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Postal workers set to strike

The Canadian Union of Postal Workers has filed notice with Canada Post that members intend to begin strike activities at 11:59 p.m. on June 2. In the event of a strike, Canada Post will not operate, meaning mail and parcels will not be delivered.

The Canadian Union of Postal Workers has filed notice with Canada Post that members intend to begin strike activities at 11:59 p.m. on June 2.

In the event of a strike, Canada Post will not operate, meaning mail and parcels will not be delivered. However, CUPW stated on its website that its issue is with their employer Canada Post, not retirees or those on low incomes, and offered to deliver pension and social assistance cheques early on in their negotiations with Canada Post. Volunteers from the union will deliver federal Canada Pension Plan, Old Age Security and Child Benefits cheques, as well as provincial social assistance cheques in Quebec, Ontario, Saskatchewan, Alberta and the North West Territories.

With a strike looming, Barrhead Leader subscribers will be able to pick up their papers at the office at 5015 51st St. The strike will not affect mail delivery in Onoway, Glenevis, Sangudo and Mayerthorpe.

Representatives from CUPW met with representatives from Canada Post on Monday to submit a final offer to reach an agreement without a strike or lockout. The offer contained proposals designed to resolve the problems at the workplace and address the issues associated with the introduction of a $2-billion Modern Post program, but CPC stated the offer is out of touch with the challenges facing the company.

“The union is prepared to shut down Canada’s postal system even though the company has proposed a deal that gives employees better pay and benefits than they currently enjoy,” CPC stated in a press release.

“The latest counter offer from the union does nothing to address the significant challenges facing the company.”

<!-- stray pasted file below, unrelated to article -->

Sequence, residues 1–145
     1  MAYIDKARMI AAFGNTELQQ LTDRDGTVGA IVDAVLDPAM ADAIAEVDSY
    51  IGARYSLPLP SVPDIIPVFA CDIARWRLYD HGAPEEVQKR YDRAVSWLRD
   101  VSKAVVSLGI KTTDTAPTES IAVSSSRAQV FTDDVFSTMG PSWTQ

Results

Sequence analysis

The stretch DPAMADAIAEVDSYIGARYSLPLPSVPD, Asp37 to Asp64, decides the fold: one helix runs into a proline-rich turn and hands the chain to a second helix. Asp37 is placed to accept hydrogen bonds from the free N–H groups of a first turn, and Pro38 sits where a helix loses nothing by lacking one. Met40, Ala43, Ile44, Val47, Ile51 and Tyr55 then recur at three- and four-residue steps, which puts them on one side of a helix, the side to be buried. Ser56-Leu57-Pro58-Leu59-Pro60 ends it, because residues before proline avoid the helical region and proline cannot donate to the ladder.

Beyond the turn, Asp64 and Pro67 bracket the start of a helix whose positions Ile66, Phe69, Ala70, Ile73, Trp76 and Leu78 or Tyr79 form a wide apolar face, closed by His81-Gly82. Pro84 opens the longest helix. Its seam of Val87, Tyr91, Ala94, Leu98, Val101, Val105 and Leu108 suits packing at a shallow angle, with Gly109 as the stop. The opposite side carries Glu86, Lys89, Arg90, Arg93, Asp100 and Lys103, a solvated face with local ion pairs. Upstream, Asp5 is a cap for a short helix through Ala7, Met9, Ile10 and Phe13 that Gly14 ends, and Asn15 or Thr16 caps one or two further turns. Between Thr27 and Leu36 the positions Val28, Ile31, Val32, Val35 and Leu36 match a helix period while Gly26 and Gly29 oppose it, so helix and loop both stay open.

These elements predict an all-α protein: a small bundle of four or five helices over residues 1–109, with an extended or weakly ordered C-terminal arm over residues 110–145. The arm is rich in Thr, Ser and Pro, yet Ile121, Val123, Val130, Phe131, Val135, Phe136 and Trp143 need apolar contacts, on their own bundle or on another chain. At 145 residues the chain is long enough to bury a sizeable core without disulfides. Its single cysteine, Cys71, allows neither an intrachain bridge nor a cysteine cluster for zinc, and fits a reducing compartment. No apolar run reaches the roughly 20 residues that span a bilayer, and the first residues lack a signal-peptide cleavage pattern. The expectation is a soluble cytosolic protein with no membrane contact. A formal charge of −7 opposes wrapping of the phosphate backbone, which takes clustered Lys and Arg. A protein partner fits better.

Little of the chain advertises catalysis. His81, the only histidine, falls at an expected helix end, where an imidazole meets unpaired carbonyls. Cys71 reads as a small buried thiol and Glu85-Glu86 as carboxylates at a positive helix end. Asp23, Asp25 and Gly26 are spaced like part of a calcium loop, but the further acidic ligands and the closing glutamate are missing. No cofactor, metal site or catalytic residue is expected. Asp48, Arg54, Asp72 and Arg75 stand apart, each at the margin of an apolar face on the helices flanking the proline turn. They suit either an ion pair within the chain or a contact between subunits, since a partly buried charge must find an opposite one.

CUPW, prior to its meeting on Monday, stated there were several important amendments in its latest offer and clarifications to its positions, and negotiators were confident they would be accepted as the basis of a settlement.

A copy of the offer is posted on the Union’s website at www.cupw.ca.

Despite this development, talks between the company and union are continuing in an effort to reach a negotiated settlement to this round of labour negotiations, CPC stated, and there are also plans to ensure Canada Post returns to normal operations as quickly as possible following any work disruption.

Canada Post’s offer provides:

• wage increases leading to a top rate of $26 per hour for both new and existing employees;

• A defined benefit pension plan for both new and existing employees despite a $3.2-billion solvency deficit;

• Up to seven weeks vacation;

• Job security for both new and existing employees.

To address these challenges, Canada Post has proposed a competitive and comprehensive pay and benefits package for employees hired in the future.

The offer put forward for new employees will still make Canada Post an attractive place to work, the company stated.

CUPW on its website stated it, too, is still willing to negotiate.

Customers of Canada Post can find updated information about the company’s labour situation online at www.infopost.ca/customer.

The French version of the website can be found at www.infoposte.ca/client.